Inclusive learning ensures academic support is available for all students, regardless of differences in their cognition or physical ability or any other differences that might limit their participation in a less nurturing environment. Academic support can come in the form of any of a variety of teaching techniques and tools, depending on the learning differences of each student. Such techniques and tools allow each student to access the same curriculum as their peers, giving them an equal opportunity to reach their full potential.

Improving Academic Outcomes

A recent study found that inclusive learning environments foster better academic outcomes. High school students with disabilities in high-inclusion classrooms scored higher on state math and reading exams than similar students in low-inclusion classrooms, according to a 2022 Indiana University study. The study also found that students in high-inclusion classrooms were better prepared for college and for the workplace than students in low-inclusion classrooms.

Why? Part of the reason seems to be the higher expectations that come with greater inclusion.

“Changing and elevating our expectations of what students with disabilities are capable of lies at the heart of people with disabilities contributing to and benefiting from being a part of our community experience, beyond K-12 education,” wrote study co-author Hardy Murphy.

According to Murphy, inclusive learning environments inspire all students to excel.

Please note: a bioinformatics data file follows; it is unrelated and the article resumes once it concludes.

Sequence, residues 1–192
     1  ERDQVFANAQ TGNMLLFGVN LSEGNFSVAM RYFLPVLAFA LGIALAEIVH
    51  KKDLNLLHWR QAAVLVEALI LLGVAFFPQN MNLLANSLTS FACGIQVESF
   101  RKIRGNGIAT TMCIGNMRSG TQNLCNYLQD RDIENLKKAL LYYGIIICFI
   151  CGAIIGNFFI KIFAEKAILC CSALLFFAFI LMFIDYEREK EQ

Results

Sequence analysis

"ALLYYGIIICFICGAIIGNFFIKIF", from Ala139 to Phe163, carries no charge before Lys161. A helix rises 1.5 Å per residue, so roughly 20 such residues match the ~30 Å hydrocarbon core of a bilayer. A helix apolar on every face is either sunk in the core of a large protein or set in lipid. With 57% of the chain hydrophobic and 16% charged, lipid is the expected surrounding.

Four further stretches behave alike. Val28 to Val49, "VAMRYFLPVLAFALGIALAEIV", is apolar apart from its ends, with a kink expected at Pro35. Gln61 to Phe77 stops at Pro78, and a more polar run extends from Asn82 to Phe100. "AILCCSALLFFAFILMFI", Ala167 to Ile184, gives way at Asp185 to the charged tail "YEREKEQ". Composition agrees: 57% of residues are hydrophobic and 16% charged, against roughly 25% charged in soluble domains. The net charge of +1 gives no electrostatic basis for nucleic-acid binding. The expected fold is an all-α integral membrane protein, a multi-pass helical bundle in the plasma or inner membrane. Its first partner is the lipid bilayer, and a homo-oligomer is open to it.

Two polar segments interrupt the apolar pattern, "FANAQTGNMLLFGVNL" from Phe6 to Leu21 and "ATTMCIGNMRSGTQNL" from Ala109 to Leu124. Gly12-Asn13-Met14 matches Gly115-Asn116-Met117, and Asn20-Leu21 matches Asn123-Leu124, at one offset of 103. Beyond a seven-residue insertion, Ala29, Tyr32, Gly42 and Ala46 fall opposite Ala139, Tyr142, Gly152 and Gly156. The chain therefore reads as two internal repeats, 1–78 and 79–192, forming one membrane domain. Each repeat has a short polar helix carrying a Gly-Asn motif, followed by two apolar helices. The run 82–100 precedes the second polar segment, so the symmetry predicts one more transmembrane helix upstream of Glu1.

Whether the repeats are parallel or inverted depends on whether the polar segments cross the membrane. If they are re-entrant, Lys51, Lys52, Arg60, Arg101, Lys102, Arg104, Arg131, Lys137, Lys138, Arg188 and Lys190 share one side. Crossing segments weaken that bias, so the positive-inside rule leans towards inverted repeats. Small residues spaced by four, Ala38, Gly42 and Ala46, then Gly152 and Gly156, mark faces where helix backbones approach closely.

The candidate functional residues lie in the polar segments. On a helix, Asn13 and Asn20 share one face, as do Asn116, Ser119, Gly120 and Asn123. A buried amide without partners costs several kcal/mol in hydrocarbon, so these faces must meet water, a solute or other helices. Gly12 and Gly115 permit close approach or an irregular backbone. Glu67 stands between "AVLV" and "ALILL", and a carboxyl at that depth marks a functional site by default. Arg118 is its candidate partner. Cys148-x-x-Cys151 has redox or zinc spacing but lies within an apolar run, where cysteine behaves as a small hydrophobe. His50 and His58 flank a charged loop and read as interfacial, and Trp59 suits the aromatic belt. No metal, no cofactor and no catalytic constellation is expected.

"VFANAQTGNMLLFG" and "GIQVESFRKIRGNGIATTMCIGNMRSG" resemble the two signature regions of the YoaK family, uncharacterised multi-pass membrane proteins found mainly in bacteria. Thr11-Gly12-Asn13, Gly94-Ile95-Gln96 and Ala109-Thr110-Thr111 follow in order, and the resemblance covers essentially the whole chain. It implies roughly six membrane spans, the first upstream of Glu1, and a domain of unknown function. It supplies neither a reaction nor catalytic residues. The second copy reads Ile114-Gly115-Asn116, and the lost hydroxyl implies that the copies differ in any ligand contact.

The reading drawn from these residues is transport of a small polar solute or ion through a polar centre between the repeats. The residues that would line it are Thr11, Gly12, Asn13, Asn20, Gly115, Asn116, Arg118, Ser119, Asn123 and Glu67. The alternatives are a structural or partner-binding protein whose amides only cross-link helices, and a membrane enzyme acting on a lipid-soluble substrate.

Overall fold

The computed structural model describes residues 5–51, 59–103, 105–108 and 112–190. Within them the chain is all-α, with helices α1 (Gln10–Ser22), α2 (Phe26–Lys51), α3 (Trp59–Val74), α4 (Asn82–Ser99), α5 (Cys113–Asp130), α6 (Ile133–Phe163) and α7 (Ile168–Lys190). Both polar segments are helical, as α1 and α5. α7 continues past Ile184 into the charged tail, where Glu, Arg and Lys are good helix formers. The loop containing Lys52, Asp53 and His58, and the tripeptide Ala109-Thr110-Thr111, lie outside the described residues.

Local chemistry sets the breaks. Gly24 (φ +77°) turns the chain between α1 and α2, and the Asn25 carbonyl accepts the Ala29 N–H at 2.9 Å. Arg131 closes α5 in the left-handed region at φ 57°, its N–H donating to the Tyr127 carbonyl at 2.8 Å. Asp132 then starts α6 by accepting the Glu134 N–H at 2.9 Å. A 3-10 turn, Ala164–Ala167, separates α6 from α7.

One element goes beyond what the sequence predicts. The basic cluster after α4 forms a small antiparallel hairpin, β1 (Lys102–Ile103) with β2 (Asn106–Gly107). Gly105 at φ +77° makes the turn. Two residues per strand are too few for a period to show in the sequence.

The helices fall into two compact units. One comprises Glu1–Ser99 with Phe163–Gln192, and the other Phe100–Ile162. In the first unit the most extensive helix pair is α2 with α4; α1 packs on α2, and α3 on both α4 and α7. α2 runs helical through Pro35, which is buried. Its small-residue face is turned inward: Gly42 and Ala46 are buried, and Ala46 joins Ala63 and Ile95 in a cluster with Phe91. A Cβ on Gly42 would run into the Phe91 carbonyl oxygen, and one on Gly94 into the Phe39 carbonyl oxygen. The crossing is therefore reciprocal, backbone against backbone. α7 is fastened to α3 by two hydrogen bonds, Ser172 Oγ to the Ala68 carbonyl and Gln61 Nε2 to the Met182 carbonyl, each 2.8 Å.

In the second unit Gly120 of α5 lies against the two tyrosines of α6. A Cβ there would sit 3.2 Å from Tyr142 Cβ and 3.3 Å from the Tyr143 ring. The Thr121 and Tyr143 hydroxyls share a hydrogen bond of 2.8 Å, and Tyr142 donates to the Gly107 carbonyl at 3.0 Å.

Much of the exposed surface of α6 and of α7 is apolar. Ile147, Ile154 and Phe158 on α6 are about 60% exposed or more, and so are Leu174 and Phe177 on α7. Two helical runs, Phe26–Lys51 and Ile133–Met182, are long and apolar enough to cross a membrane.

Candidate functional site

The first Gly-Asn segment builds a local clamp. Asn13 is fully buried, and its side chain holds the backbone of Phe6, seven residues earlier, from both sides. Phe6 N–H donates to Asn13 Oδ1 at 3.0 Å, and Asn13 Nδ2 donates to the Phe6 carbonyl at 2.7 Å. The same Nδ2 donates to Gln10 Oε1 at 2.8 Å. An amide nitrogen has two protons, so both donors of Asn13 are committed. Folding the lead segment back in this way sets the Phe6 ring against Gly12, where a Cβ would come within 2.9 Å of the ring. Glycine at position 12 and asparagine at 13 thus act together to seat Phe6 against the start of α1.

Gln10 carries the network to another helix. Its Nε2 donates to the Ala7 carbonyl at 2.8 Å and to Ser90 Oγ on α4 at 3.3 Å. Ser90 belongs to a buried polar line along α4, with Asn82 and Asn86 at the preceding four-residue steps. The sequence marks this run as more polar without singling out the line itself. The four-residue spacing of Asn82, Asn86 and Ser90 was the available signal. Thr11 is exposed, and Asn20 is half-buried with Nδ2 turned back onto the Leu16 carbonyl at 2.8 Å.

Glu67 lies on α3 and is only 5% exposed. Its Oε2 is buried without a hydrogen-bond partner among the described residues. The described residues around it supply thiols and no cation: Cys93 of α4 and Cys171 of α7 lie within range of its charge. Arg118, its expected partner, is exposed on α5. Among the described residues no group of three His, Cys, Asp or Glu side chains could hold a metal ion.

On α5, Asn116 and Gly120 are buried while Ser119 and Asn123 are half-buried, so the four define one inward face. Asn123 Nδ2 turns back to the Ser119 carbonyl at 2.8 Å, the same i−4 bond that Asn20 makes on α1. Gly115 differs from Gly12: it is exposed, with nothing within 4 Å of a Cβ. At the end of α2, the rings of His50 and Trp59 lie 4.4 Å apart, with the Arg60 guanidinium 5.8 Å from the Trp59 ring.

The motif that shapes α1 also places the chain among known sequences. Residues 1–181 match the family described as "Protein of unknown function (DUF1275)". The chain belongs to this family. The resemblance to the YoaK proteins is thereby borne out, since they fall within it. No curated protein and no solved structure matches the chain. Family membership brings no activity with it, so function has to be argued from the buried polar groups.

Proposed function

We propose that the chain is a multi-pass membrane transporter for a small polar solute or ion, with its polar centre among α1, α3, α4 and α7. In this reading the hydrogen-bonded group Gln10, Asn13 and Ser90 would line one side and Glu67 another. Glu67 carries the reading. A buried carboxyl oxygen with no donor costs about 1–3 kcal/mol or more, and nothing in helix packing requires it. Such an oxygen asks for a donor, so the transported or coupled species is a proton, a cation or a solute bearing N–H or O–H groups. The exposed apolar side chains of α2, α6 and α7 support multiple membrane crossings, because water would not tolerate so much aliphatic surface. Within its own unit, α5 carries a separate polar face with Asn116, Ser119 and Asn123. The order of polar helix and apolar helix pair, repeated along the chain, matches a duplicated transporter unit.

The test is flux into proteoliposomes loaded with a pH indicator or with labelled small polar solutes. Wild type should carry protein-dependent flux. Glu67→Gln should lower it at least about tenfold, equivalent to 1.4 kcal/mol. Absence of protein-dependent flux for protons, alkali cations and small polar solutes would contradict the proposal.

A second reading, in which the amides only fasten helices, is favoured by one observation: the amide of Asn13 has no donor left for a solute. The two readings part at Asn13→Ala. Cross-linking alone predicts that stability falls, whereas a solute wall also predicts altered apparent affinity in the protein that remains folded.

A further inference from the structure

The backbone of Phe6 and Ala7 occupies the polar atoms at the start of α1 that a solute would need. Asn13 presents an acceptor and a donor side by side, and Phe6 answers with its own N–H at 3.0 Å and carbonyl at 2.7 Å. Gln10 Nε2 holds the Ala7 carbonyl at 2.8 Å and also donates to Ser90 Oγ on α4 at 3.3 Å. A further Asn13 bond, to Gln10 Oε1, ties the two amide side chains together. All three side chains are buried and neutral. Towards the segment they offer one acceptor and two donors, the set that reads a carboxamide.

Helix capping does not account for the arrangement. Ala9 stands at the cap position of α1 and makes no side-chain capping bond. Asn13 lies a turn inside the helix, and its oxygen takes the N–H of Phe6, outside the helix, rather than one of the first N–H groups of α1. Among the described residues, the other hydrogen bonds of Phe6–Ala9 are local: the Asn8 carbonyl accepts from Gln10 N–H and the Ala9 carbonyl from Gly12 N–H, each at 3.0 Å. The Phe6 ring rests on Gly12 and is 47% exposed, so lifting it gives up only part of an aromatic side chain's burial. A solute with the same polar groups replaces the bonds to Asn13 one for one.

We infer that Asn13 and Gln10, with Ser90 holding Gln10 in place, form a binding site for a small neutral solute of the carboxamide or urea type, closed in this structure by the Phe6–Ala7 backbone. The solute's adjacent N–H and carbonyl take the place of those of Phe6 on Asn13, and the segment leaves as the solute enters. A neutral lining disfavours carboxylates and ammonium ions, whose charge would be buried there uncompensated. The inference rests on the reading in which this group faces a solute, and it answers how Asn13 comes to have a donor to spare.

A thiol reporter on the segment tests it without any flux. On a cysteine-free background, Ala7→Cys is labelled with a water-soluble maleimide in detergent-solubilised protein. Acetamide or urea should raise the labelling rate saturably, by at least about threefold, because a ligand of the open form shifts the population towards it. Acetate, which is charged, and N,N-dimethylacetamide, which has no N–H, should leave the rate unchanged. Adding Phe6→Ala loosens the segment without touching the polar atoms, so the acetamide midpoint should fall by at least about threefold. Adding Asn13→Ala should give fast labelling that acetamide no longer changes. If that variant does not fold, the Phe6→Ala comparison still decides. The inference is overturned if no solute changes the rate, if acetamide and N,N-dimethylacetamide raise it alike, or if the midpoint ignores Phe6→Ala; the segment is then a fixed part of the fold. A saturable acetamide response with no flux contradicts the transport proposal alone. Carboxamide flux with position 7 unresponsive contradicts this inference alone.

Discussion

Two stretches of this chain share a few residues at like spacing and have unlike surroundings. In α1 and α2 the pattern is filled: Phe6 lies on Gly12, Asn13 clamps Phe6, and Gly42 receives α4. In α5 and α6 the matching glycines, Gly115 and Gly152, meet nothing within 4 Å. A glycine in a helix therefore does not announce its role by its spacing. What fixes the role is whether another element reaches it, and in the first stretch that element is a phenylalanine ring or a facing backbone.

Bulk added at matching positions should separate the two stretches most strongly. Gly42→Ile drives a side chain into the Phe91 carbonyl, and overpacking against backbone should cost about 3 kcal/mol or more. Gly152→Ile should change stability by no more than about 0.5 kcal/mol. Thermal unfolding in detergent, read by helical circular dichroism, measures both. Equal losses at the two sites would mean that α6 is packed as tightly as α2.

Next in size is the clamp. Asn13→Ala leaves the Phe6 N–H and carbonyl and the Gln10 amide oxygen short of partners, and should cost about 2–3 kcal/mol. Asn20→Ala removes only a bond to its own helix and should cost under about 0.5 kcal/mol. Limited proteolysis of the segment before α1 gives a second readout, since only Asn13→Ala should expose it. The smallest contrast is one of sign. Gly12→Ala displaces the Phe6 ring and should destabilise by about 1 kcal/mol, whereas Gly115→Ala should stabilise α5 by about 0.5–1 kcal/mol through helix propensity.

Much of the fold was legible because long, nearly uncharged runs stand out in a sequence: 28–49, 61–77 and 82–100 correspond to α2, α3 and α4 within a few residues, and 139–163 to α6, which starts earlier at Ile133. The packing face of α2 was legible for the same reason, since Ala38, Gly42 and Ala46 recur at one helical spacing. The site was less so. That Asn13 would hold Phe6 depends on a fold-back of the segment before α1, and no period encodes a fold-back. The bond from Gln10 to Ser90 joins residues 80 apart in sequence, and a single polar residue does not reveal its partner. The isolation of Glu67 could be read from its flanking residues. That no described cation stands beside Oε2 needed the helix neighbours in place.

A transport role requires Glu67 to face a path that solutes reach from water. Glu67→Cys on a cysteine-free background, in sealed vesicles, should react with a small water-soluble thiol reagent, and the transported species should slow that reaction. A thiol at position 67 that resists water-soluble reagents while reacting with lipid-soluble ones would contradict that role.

Strategies for Creating an Inclusive Learning Environment

Teachers with advanced training can use their expertise to devise inclusive classroom strategies that apply the latest educational theories and instructional technologies. The following two strategies — establish a safe classroom culture and make learning accessible — are the bedrock of planning and creating inclusive learning environments.

Establish a Safe Classroom Culture

A teacher’s highest priority when creating an inclusive learning environment should be to establish a safe classroom culture at the outset. In a setting where students feel free to share their interests, goals and setbacks with the teacher and with each other, they can also feel comfortable discovering their own paths, challenging themselves and striving for their personal best.

Additionally, encouraging students to form personal connections paves the way for empathy and teamwork. Students who feel a sense of camaraderie are better collaborators, able to work well together to reach shared learning goals. For students who perceive themselves as outsiders, a safe classroom culture allows them to begin to feel free to try, struggle and make mistakes along the way.

Teachers can take a proactive role in establishing a safe classroom culture that fosters respect by:

  • Setting clear classroom rules
  • Assigning defined student roles
  • Recognizing teachable moments and pointing out the lessons to be learned
  • Establishing guidelines for equitable and respectful interaction
  • Performing regular teacher self-assessments to ensure they’re keeping classroom culture safe

Make Learning Accessible

The cornerstone of an inclusive learning environment is accessibility. Accessibility in education means making lessons and materials available for use by all types of students. In this way, everyone can explore the same content at the same time.

Ways to make lesson content accessible include:

  • Giving all students any accommodations and tools they need to physically, intellectually and emotionally access lesson content
  • Working to create lesson content that is accessible to all students, such as audio content for visually impaired learners or auditory learners
  • Arranging for modifications and accommodations (such as fewer test items for some students) to meet individual needs